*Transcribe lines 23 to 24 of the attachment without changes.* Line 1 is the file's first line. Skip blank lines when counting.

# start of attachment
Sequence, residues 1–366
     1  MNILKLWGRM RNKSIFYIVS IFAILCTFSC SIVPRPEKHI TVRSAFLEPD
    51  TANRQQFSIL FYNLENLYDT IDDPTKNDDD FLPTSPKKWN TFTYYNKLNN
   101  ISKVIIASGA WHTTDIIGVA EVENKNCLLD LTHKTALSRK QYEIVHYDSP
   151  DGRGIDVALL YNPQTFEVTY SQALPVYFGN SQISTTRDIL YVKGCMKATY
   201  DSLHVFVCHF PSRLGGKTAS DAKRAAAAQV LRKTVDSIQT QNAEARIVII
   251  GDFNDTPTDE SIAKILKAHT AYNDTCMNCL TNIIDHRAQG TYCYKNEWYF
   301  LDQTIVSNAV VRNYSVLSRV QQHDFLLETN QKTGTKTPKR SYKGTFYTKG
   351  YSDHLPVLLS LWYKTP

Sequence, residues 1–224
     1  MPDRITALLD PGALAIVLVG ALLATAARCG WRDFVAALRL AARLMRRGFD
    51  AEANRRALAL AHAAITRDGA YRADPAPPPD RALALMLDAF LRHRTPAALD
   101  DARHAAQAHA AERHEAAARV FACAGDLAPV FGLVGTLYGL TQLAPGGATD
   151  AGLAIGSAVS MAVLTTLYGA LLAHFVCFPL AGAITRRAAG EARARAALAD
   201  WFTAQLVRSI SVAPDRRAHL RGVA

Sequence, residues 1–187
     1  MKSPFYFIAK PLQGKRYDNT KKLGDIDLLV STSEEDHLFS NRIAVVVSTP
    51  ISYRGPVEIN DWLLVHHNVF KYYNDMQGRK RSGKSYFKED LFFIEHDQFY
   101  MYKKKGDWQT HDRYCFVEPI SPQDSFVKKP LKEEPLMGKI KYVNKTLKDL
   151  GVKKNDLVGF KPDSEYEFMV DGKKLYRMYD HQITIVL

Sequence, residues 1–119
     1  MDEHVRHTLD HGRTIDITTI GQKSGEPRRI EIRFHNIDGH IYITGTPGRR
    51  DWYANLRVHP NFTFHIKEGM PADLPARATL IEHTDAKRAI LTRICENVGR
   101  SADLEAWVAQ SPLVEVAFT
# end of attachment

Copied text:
    51  DWYANLRVHP NFTFHIKEGM PADLPARATL IEHTDAKRAI LTRICENVGR
   101  SADLEAWVAQ SPLVEVAFT